Book Title and Author: Llewellyn’s Complete Book of Correspondences: A comprehensive & cross-referenced resource for Pagans and Wiccans
by Sandra Kynes

Status? : Finished

My overall rating of the book : 10/10

How does this book relate to my magickal practice?: This is an encyclopedia of witchy correspondences - a tool for all manner of spellwork

My personal thoughts/opinions: I. Am. Obsessed. As mentioned in the previous post I decided to read this book cover to cover as I would any other and I’m so glad I did. I’ve BURIED this book in post-its with spell and potion ideas, shopping lists, quick references and notes. I now use this book several times a day to look things up.

An interesting quote from the book: The book is mostly lists but this is taken from the introduction to chapter 2 ‘The Plant Kingdom’ and I thought it explained how we use plants beautifully:

"Leaves share the symbolism of the entire plant and can be used as its representative. Symbolizing growth and expansion, leaves, twigs, and branches can be used to develop your purpose.
Seeds, nuts, and pips represent the beginning of things and can be instrumental when encouraging something new in your life. They also represent duality, such as the alternation between life and death, light and darkness. Because of this they can provide balance and change.
With the base word fruit, fruition means completion, culmination, achievement- and so a piece of fruit can symbolize the manifestation of an intention or power. Also symbolizing abundance and fertility, fruit can be used to amplify or increase energies. From below, roots ground us and give our work stability.
Nuts, bark, and thorns represent protection and can provide protective energy for magic. In addition to defense, thorns characterize purification and were used in ancient China to drive out evil spirits. "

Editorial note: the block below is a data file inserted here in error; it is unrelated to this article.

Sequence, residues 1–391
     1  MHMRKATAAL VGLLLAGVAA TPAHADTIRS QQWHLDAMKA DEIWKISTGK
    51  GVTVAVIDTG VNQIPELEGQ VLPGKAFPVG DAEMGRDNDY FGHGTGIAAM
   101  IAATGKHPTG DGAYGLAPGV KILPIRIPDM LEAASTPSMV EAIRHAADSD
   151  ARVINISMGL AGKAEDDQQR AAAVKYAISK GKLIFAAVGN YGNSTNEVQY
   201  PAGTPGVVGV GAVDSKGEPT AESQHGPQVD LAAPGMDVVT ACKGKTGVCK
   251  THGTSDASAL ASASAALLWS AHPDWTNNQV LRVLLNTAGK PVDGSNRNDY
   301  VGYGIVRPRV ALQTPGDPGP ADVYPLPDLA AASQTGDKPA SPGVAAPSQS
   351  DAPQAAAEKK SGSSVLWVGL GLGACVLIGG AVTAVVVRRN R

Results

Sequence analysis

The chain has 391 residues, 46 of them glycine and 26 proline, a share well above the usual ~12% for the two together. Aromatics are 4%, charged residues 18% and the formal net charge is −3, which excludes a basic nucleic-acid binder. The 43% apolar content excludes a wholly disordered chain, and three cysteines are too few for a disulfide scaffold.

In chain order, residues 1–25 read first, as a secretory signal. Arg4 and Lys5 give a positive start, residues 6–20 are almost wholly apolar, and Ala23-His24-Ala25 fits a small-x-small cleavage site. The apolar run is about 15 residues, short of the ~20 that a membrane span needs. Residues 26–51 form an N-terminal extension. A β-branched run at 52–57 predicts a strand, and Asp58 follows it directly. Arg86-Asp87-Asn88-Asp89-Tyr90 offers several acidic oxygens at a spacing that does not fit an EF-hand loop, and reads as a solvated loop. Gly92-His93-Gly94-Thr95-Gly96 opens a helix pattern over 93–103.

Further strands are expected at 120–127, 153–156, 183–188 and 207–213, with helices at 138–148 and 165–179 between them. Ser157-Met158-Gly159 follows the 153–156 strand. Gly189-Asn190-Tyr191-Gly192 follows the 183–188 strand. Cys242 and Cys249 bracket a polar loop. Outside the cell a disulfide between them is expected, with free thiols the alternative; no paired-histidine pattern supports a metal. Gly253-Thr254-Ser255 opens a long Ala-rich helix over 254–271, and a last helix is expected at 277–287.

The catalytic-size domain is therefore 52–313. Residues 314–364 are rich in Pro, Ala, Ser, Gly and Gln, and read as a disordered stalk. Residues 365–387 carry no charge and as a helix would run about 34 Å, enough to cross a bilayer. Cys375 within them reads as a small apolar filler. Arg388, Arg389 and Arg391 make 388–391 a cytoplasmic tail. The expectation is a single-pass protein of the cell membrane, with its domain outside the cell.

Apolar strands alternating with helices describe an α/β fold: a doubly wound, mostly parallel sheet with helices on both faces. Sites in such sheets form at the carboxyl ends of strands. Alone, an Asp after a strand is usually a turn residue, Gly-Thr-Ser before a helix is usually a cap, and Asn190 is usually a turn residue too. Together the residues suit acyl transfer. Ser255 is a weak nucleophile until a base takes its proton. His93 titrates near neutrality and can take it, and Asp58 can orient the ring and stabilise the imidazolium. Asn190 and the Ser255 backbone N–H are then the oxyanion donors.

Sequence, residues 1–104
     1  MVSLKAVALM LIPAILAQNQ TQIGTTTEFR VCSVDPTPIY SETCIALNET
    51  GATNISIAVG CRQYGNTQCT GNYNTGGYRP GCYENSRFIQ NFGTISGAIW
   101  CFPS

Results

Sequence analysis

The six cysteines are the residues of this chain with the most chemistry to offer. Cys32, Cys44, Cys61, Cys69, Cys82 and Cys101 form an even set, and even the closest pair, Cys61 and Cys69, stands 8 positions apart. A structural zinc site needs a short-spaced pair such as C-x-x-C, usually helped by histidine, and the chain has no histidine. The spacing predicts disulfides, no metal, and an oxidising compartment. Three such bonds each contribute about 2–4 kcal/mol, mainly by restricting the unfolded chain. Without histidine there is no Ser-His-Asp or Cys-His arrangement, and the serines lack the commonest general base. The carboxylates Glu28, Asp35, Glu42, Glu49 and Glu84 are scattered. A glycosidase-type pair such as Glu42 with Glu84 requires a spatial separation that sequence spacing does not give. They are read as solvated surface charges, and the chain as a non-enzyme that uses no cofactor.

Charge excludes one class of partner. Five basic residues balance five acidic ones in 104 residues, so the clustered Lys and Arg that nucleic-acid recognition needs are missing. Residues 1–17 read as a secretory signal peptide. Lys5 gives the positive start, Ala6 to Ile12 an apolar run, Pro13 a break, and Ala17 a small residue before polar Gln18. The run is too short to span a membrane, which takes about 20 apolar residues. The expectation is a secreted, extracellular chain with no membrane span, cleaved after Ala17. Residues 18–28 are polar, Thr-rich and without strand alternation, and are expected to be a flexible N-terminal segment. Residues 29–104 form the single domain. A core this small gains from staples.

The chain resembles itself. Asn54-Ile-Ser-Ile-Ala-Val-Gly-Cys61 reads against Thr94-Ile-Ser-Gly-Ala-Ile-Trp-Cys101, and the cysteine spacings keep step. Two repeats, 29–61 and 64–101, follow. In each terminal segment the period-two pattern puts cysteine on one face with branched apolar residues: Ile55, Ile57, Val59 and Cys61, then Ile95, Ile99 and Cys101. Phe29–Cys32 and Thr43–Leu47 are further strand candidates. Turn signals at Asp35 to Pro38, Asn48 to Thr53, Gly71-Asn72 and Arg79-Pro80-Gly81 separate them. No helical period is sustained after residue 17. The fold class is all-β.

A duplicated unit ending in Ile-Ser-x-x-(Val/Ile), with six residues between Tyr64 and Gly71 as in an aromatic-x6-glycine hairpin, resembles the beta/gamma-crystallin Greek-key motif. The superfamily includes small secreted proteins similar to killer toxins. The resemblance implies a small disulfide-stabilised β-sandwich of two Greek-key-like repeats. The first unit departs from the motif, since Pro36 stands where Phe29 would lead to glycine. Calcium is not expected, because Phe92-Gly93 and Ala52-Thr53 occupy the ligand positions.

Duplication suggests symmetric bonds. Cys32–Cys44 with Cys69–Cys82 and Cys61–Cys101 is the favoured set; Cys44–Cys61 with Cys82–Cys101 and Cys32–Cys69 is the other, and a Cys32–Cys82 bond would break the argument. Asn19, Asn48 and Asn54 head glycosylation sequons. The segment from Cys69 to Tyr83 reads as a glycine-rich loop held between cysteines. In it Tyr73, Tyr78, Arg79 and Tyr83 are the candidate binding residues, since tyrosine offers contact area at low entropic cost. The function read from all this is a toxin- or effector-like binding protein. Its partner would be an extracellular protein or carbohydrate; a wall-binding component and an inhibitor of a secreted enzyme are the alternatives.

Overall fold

All in all, would I recommend this book?: Yes! YESYESYES! Though now I have it if anyone needs any correspondences just @ me haha it is ALWAYS within reach :kissing_heart:


I read two books during this period. They are part of a series called Happiness in Your Life. The series will eventually have 12 books in it. Currently there are 4 out. It appears much of the content is from author Doe Zantamata’s suite of websites based around her Happiness in Your Life theme.

As many of you know, my brain :brain: was scrambled by events from Labor Day weekend. I used to read legal documents and peer reviewed journals for fun. These books are between a 6th grade to 8th grade reading level. (My medical team says my ability to read more challenging material will eventually return as I continue to read more and more. I guess it helps with me heal. :upside_down_face: ) All of that said, these are decent books and wonderful introductions to concepts presented in them. I enjoyed reading them and I have already started on book 3, Forgiveness.

Book Title and Author
Happiness in Your Life: Karma
by Doe Zantamata


My Overall Rating of the Book

How does this book relate to my magical practice?

Good karma increases people’s connectedness and collective good. Bad karma isolates people and results in a more self centered collective. -Overview - What Karma is, and What it is Not

While not specifically about Wicca or Witchcraft, this book is helpful when considering the Wiccan Rede:

An ye harm none, do what ye will

An Interesting Quote from the Book
There are 15 chapters in this book, 12 on the “Universal Laws” of karma. Each chapter is full of quotable material. It was hard to pick just one so I included three that, when placed together like this, tell a summary of the book.

However, karma is not a reward and punishment system. Karma has a basis in understanding.

There are close to 7 billion people on this earth, and if you asked each one to write down their thoughts about people, circumstances, health, and themselves, you’d get 7 billion answers. To each person, this would be a true reflection of how the world really is, and they would not completely agree with anyone else.
Your world can be heaven or hell, depending on how you view yourself, people, and events…
If there is something wrong in our world, there is something wrong in us.